When IO Interactive announced that the next Hitman would be an episodic affair, there was weeping and gnashing of teeth. What seemed like a cash-grab and a way to keep a game in player’s conscious over months instead of a few weeks turned into an inspired publishing decision. The series has always been built around self-contained levels and by bringing those episodes out bit by bit, Hitman was able to find new, interesting ways to keep players engaged.

For one, it made for the most rich and densely packed levels in the series. Each mission has a ton of ways to go about taking out the targets. Some are quick and easy, others require patience and mastery of the map. Some are downright silly, to the point of being hilarious, and a few are fiendishly hard. Built on that is a system of unlocks that give you new ways to start missions and new tools to allow for new kills.

And while those systems allow for interesting approaches, it’s the levels that decide whether or not it’s actually fun to do those approaches. Paris and Sapienza are the first two levels of the game, and likely the best as they give you all sorts of paths and bits and pieces to dabble with. Marrakesh is decent, but the later levels feels incidental to the actual hit.

Club 27 is a bit too obtuse at times as certain things need to happen to move the targets into certain areas. Colorado is simply too straightforward and tries to ramp things up by having you hit four targets. Hokkaido seems rich with lots of options, but proves frustrating because of how much gating it does, requiring the player to get different costumes to unlock certain areas of the map. However, the mechanics and options here are so solid that even the weaker levels feel like the high-points of other games in the series.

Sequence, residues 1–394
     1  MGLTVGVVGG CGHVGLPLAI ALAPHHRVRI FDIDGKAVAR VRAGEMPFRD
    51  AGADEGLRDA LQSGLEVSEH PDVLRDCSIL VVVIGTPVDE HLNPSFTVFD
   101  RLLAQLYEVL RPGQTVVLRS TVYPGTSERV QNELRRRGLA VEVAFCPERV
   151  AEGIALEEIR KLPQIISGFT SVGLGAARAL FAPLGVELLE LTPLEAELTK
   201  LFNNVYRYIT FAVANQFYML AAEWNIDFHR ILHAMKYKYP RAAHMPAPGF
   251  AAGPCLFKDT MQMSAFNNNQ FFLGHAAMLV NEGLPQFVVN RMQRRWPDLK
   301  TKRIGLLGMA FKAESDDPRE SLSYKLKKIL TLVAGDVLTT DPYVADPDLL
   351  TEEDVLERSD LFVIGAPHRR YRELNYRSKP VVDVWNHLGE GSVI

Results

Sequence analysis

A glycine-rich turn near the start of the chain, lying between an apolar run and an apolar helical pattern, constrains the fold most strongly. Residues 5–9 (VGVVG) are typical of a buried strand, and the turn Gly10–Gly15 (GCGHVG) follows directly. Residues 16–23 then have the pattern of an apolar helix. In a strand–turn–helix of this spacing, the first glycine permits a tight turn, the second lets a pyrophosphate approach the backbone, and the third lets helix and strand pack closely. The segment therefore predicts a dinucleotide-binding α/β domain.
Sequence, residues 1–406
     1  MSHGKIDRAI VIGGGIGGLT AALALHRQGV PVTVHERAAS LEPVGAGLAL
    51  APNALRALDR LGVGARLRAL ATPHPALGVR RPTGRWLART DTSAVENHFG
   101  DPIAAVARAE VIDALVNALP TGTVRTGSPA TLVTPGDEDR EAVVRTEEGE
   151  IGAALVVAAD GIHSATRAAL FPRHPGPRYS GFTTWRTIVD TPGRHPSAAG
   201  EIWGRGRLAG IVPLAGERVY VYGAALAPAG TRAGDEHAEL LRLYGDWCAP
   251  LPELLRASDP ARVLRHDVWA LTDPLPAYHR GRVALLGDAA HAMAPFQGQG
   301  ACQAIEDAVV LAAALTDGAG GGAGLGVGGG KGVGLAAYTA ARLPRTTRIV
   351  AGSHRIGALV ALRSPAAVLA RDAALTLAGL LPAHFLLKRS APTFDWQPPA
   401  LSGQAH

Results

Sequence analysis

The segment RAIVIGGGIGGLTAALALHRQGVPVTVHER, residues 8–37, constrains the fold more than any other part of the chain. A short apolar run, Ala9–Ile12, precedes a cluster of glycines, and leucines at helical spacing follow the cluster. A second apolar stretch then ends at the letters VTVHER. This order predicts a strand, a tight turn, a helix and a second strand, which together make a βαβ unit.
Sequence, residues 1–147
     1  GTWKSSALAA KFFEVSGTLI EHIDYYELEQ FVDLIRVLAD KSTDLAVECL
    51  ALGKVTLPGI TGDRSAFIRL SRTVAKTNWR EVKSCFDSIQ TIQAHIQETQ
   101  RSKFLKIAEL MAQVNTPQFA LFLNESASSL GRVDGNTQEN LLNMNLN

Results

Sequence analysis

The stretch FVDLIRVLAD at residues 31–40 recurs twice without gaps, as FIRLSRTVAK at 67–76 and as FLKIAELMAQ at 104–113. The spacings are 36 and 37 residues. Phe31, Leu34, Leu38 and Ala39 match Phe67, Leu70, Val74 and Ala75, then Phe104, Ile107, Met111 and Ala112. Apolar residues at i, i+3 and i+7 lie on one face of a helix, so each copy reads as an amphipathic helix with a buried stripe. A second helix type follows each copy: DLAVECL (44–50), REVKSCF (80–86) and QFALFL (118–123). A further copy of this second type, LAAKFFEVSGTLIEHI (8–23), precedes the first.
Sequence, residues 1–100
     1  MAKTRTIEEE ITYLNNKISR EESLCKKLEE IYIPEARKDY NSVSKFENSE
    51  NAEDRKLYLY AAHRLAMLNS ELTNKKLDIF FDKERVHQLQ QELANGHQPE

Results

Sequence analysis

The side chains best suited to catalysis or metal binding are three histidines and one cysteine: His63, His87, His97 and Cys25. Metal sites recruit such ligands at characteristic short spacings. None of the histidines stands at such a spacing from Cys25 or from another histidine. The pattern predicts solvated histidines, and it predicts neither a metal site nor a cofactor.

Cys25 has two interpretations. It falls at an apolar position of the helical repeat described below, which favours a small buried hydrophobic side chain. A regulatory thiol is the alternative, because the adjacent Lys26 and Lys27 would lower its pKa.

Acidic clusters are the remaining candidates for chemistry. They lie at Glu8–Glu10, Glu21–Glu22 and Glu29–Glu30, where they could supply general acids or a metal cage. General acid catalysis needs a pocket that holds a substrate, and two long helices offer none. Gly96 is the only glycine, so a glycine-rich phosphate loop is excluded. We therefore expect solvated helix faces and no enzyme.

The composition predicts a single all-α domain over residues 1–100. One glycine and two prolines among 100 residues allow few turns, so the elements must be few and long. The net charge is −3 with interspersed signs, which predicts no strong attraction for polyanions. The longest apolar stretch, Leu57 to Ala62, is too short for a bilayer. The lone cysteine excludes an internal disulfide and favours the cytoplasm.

It helps that IO Interactive decided to back off on the humor. I went back and replayed Hitman: Blood Money earlier this year and the comedy comes off as juvenile and out of touch with the Hitman character. This one keeps the tone a lot more grounded and allows some of the more absurd kills to give the player amusements instead of odd characters and offensive, over-sexualization of women.

One of the problems with this game’s release are timed events called Elusive Targets, contracts you can only do once with no chance to reload but only exist for a short amount of time. Anyone who has a life outside of video games, or decides to pick up this game down the line, will miss these entirely. I was unable to play any of them and it’s a shame because this seems like the final gauntlet for players who want to demonstrate mastery of the systems and maps. I’m holding out hope that down the line people who missed these events will get a chance to play them.

In addition to the highly replayable story missions, there are Contracts Mode and Escalation Mode. Contracts are player made missions where targets must be killed in a specific way with certain conditions. Escalation is a developer made series of missions that get gradually harder and harder in which the player cannot save or load. I haven’t had a chance to play either of these, but both seem to provide even more content for players worried there won’t be enough playtime from the main game.

Hitman proves to be a rousing success, taking the formula of the series and iterating on it. It creates compact, highly-interactive sandboxes that rewards multiple playthroughs and optional missions both community and developer made. Given the success of this first round of episodes, it’s likely that there will be a second season and I look forward to seeing what they come up with next.

© 2016 James Blake Ewing